"Do not be afraid to look to those who are outside your world, for sometimes it is only they who can help."

Five Facts about Jason Wallace
  • Born in Cheltenham
  • Moved with his family to live in Zimbabwe and attend a tough boarding school at the age of 12
  • Related to J.R.R Tolkien
  • Wrote the phenomenal novel 'Out of Shadows' that has a stunningly memorable opening line.
  • Jason is a descendent of both one of the first International cricketers, Vernon Royle, and the famous Victorian circus owner 'Lord' George Sanger.
  • Currently works as a web designer.
Wallace on what inspired him to create 'Encounters:

"Encounters was inspired by actual reports of an extra-terrestrial sighting in Zimbabwe, back in 1994 – after sixty-two children, aged between six and twelve, ran screaming back to their teachers in the staff room after the children had supposedly seen a flying saucer land beyond the edge of their playground and two creatures emerge from it. These reports were investigated quite thoroughly and are well documented on the Internet.

While no conclusion was ever reached, it was, and is, clear that the children saw something that day. I thought it was a terrific idea for a story – not simply what they thought they had seen, but why they had seen it.
Encounters covers the time of the investigation as told by six children . . . Six lonely lives, aged between eight and eighteen, who discover they are far more connected to something out there – and each other – than they could have ever thought possible."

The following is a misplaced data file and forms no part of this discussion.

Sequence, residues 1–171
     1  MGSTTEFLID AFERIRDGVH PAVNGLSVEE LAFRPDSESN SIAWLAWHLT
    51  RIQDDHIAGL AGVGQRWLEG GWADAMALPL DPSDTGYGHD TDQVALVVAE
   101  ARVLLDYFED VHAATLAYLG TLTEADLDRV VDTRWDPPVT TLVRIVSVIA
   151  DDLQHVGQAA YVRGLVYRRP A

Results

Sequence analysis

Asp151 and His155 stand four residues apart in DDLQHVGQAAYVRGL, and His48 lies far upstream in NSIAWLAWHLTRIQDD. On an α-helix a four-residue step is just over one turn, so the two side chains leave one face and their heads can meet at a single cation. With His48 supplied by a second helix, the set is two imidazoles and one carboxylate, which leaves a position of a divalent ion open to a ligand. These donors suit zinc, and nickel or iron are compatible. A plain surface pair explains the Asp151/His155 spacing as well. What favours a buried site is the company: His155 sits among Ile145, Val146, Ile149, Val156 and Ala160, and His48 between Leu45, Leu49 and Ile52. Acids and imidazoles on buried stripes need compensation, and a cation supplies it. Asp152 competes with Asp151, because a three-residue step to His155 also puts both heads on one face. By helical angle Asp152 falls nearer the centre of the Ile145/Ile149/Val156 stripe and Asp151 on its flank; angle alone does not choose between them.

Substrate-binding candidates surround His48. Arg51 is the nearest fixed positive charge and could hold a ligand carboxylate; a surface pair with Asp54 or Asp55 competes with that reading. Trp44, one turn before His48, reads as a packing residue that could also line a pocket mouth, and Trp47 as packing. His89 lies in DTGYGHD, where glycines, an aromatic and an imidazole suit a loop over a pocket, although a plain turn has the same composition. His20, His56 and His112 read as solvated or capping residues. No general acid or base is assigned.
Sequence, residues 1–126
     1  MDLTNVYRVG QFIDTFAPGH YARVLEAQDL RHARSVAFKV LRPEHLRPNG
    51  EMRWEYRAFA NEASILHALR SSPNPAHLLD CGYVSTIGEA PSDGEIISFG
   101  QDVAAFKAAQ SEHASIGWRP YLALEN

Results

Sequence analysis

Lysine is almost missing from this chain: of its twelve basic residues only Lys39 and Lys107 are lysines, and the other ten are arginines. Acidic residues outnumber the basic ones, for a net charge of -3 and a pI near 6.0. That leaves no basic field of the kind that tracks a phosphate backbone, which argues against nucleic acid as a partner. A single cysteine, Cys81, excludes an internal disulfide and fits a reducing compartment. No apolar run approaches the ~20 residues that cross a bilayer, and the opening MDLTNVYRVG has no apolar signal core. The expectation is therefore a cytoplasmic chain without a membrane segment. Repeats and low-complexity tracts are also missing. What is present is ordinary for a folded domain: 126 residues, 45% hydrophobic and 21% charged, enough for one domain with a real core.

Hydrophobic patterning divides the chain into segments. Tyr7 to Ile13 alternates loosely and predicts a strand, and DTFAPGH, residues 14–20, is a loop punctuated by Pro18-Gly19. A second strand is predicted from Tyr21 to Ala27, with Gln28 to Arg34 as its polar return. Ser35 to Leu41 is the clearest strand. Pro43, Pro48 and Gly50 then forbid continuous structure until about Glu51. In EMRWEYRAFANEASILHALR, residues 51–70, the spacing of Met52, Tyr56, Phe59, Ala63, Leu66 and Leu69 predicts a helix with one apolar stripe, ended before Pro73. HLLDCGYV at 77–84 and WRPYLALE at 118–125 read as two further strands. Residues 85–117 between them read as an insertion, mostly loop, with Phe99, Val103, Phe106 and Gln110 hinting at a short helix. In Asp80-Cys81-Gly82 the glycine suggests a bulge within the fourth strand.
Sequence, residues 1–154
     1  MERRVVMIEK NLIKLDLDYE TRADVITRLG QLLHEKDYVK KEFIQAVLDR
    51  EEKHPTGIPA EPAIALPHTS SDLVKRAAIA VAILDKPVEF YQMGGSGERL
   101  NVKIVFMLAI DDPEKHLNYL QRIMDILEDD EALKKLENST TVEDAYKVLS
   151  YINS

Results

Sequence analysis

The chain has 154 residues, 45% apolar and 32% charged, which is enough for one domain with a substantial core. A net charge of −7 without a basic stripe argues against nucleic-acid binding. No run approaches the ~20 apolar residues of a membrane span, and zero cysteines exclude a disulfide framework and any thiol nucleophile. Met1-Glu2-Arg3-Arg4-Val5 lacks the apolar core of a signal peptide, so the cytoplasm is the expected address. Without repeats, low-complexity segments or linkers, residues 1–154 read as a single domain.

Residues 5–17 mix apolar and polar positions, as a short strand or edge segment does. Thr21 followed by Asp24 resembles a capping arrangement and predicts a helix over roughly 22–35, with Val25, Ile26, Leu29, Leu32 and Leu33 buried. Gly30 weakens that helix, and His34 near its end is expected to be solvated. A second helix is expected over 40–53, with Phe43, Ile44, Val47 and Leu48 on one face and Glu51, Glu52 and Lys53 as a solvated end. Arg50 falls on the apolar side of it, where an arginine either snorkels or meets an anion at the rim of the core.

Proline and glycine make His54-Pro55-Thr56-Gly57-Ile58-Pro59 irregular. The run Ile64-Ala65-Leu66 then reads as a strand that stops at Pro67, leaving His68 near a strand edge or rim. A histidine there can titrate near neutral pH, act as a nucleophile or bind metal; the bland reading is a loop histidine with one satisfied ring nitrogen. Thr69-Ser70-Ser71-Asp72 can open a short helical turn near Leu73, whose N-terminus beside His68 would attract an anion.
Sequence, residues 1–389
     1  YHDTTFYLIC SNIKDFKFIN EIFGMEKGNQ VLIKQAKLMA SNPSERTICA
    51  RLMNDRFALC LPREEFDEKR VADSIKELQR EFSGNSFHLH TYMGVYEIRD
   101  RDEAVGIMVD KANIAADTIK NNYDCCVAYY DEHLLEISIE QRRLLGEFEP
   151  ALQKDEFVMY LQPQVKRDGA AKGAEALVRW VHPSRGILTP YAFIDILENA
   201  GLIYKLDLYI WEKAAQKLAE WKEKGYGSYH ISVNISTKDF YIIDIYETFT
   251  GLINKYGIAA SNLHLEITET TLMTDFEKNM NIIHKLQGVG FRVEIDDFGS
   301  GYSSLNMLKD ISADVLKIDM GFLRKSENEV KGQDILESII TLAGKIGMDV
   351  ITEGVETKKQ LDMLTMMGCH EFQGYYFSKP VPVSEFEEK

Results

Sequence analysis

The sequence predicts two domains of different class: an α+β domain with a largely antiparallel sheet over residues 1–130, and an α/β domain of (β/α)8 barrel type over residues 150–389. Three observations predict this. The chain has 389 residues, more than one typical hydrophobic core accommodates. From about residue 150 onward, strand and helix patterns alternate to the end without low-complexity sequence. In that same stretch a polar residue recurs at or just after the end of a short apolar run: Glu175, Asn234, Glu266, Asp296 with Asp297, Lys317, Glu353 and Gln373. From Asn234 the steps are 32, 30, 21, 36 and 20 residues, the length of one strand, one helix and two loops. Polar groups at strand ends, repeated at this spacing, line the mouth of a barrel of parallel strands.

BLURB (from Goodreads)

Zimbabwe, 1994. A group of children spot peculiar lights in the sky over the grounds of their school. From this moment on, six young people's lives are changed forever. 

Gary hides the anguish he feels now his mum's left, acting out in fury and hatred. Chloe has no words for the thing she fears most every day. Karl is the headmaster's son, now fallen from grace. Tendai knows he can never live up to his grieving father's ideals. And Sixpence watches all, knowing he'll never be like these other children. All of them have seen something they can't explain.

In amongst these tangled, tortured lives, comes a group of psychologists to verify the spookily similar claims of every witness. Their daughter, Holly, can tell there's more to it than aliens or mass hysteria – can she reveal the dark truths that haunt them?

Inspired by true accounts, this is the long-awaited new novel from Costa-award-winner Jason Wallace.

Click link for full review: 

Wednesday, 7 March 2018

Jolly Foul Play

The fourth book I've chosen to read for The British Books Challenge is the period murder mystery Jolly Foul Play, the 4th entry in the Murder Most Unladylike Mystery series by Robin Stevens, the Tales of Yesterday' Author of the Month for February.